SSH with Remote Keys storage
With my sysadmin background, being as lazy as possible, I always try to have the lowest overhead maintenance possible over systems.
Securely maintain ssh keys to access servers is a tricky business. Keys have to be rotated regularly, individuals join/leave projects/companies, ssh key passwords are forgotten, etc.
Typically, admins add ssh keys to ~/.ssh/authorized_keys or %h/.ssh/authorized_keys, others LDAP.
Updating these is a nightmare, even with packaging tools like ansile or puppet.
Some have crons to update these, but that can create a delay, and we all know what happens when you add delays.
Instead, I've opted to move away from managing keys in the instances, and move them to a centrally controlled location, where it is easy to update objects/permissions and have the instances check back on login attempt.
sshauth-install.sh needs to be run in the instance.
It can be executed at anytime, or ideally during the creation of the instance. When deploying AWS instances, you can pass this with UserData
You will need to modify [https://s3.amazonaws.com/BUCKET/userkeys.sh] to use your server personalised version.
The script will modify ssh_config, pull your custom userkeys.sh, and restart sshd.
SSH AuthorizedKeysCommand was introduced in 2013's OpenSSH 6.1, although you will only find is commonly around in OpenSSH 6.9 distro packages.
From the manual:
sshd(8): Added a sshd_config(5) option AuthorizedKeysCommand to support fetching authorized_keys from a command in addition to (or instead of) from the filesystem. The command is run under an account specified by an AuthorizedKeysCommandUser sshd_config(5) option.
This allows us to execute an arbitary command when a login attemp it made via ssh. In the case of this setup, it executes userkeys.sh
Depending on wether you are curling github API for keys [https://github.com/USER.keys] (for individual devs or extremelly small teams) or a s3 bucket object (one object per set of permissions), you will need to create your custom userkeys.sh.
When there's an attempt login via ssh, sshd will execute userkeys.sh, which will then curl a file for ssh public keys, and match that against the one provided during login.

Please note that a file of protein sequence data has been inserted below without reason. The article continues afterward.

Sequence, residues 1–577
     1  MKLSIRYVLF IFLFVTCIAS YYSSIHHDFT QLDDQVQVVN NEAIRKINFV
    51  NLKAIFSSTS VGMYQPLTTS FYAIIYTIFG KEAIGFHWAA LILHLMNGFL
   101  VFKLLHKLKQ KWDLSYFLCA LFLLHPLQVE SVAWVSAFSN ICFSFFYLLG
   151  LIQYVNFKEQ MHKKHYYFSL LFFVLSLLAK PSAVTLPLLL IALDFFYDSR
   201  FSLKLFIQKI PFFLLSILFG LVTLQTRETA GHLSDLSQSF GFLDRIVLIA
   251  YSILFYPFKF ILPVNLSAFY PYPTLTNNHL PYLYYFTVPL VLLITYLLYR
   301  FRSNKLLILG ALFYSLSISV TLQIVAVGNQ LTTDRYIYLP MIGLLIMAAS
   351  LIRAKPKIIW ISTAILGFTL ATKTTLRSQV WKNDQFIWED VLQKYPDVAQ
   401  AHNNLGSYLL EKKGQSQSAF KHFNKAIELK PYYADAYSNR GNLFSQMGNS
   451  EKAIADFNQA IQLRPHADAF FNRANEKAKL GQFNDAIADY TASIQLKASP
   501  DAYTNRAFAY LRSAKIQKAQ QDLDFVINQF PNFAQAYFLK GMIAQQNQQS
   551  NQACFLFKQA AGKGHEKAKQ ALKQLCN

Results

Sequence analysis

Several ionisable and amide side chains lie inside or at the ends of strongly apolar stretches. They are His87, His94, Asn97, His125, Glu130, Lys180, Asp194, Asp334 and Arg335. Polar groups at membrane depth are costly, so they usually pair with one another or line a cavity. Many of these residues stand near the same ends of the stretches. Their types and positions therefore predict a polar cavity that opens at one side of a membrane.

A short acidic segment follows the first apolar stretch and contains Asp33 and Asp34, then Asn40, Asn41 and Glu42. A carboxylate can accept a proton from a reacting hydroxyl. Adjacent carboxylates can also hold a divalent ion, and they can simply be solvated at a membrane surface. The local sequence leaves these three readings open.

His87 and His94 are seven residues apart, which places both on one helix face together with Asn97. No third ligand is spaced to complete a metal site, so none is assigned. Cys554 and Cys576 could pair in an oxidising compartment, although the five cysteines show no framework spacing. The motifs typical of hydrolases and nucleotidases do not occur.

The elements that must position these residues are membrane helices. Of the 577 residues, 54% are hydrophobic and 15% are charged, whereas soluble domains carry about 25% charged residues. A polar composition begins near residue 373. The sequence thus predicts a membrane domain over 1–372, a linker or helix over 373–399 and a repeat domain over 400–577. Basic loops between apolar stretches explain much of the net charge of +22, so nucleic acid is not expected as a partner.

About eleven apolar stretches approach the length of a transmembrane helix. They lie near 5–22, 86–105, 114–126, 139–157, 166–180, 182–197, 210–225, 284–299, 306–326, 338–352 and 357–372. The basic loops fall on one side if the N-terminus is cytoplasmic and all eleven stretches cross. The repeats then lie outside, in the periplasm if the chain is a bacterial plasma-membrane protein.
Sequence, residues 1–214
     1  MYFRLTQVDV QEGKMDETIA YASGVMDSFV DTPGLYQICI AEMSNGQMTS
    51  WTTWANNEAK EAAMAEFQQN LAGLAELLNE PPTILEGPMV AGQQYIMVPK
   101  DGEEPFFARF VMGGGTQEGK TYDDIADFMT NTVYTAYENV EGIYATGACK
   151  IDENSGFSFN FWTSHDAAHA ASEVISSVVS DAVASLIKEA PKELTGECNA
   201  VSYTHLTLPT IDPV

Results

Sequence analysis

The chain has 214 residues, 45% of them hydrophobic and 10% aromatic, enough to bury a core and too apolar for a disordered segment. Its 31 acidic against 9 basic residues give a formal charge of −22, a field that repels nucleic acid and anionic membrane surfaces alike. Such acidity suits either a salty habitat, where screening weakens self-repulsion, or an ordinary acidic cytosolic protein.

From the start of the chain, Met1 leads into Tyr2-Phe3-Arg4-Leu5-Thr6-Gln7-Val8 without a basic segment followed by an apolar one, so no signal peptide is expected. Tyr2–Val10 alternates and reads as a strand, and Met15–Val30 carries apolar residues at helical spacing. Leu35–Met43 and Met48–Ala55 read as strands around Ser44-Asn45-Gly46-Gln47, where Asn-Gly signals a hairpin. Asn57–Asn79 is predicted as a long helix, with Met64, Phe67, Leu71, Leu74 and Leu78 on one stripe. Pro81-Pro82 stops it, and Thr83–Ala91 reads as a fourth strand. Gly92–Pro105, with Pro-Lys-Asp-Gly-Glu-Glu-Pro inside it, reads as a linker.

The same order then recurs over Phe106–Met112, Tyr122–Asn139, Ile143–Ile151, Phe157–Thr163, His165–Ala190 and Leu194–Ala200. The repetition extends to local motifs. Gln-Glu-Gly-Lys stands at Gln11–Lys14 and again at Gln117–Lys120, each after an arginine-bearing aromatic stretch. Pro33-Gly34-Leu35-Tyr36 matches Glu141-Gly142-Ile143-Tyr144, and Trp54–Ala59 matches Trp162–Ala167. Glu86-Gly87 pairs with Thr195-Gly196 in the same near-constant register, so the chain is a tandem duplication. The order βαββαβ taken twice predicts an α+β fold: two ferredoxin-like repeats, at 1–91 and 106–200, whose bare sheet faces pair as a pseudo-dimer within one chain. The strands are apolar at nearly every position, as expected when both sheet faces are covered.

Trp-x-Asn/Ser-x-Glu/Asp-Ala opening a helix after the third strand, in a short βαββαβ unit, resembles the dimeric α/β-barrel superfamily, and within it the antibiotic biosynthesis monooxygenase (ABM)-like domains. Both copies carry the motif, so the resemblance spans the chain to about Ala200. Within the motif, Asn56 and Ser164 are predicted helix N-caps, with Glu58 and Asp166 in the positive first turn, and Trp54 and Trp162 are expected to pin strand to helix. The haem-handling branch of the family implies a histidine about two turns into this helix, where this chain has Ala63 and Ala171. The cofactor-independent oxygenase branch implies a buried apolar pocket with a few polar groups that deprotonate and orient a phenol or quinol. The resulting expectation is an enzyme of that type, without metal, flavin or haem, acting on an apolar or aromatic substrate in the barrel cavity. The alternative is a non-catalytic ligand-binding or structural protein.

You can use
Match User or
Match Group to parse public keys against logins, but while increasing security, it also increases overhead.
ssh public key historicly have been created with RSA algorithm. But like everytghing in tech, that's old by today's standards.
The new shiny algorithm is Ed25519. It uses a Diffie-Hellman elliptic-curve, allowing it to be much smaller than tradicional RSA keys. Where a good RSA key starts in 2048 bits, an Ed25519 is just 256.
Combine that with the easeness of reading, storing, curl them, you got a winner.
To generate one, run
$ ssh-keygen -t ed25519 with as many rounds as you see fit, and don't forget to password-protect it.
Copy the contents of its public key to GitHub key settings or your project permission object, and you are ready to go.
Fail2Ban and general security
Please setup your instance with Fail2Ban, to prevent anyone from hammering your ssh port.
Also disable root
PermitRootLogin no and disable passwords
[sshauth-install.sh] already adds
AuthenticationMethods publickey to
API rate limit
When curling against Internet webservices, developers need to account with services rate limits, in place to prevent abuse.
GitHub API rate limit is of
60 requests per hour for unauthenticated requests, and
5000 when used with OAuth.
An AWS s3 bucket as a limit of
800 GET requests per second.
If you have many devs login into a server or even bot scanning (hence Fail2Ban), your host can easily reach the limit and prevent you from legitimately accessing your server.
To minimise this, the response of the external request (either Github or AWS) is saved to the file
$HOME/.ssh/ak_cache and cached for 5 minutes.
Right now, we are querying GitHub user profiles for sshkeys.
An advanced process can probably be developed using GitHub GraphQL API to queries Teams instead of users, allowing further control over Projects access
- Fork it!
- Create your feature branch:
git checkout -b my-new-feature
- Commit your changes:
git commit -am 'Add some feature'
- Push to the branch:
git push origin my-new-feature
- Submit a pull request :D